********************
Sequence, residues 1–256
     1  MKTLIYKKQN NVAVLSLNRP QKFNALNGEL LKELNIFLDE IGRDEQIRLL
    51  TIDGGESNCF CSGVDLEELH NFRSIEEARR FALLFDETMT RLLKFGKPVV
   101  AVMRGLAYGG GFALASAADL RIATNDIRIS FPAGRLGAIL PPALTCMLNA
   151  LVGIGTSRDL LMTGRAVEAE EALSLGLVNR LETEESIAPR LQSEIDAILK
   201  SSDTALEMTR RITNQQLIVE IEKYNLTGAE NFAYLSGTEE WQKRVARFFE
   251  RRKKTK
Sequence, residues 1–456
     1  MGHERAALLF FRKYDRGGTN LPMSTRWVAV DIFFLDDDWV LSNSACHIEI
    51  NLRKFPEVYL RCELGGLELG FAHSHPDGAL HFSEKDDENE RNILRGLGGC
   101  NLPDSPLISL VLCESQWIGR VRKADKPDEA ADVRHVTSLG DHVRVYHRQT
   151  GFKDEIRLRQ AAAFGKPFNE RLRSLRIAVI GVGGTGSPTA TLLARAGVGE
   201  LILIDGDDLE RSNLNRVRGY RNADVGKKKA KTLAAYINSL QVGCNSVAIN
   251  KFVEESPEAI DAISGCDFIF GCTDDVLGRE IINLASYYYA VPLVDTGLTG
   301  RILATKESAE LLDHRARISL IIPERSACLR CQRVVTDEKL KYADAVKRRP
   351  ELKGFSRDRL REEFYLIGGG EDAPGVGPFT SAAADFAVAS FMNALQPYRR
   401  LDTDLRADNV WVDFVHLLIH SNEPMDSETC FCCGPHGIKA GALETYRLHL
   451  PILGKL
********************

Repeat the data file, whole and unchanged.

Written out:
Sequence, residues 1–256
     1  MKTLIYKKQN NVAVLSLNRP QKFNALNGEL LKELNIFLDE IGRDEQIRLL
    51  TIDGGESNCF CSGVDLEELH NFRSIEEARR FALLFDETMT RLLKFGKPVV
   101  AVMRGLAYGG GFALASAADL RIATNDIRIS FPAGRLGAIL PPALTCMLNA
   151  LVGIGTSRDL LMTGRAVEAE EALSLGLVNR LETEESIAPR LQSEIDAILK
   201  SSDTALEMTR RITNQQLIVE IEKYNLTGAE NFAYLSGTEE WQKRVARFFE
   251  RRKKTK
Sequence, residues 1–456
     1  MGHERAALLF FRKYDRGGTN LPMSTRWVAV DIFFLDDDWV LSNSACHIEI
    51  NLRKFPEVYL RCELGGLELG FAHSHPDGAL HFSEKDDENE RNILRGLGGC
   101  NLPDSPLISL VLCESQWIGR VRKADKPDEA ADVRHVTSLG DHVRVYHRQT
   151  GFKDEIRLRQ AAAFGKPFNE RLRSLRIAVI GVGGTGSPTA TLLARAGVGE
   201  LILIDGDDLE RSNLNRVRGY RNADVGKKKA KTLAAYINSL QVGCNSVAIN
   251  KFVEESPEAI DAISGCDFIF GCTDDVLGRE IINLASYYYA VPLVDTGLTG
   301  RILATKESAE LLDHRARISL IIPERSACLR CQRVVTDEKL KYADAVKRRP
   351  ELKGFSRDRL REEFYLIGGG EDAPGVGPFT SAAADFAVAS FMNALQPYRR
   401  LDTDLRADNV WVDFVHLLIH SNEPMDSETC FCCGPHGIKA GALETYRLHL
   451  PILGKL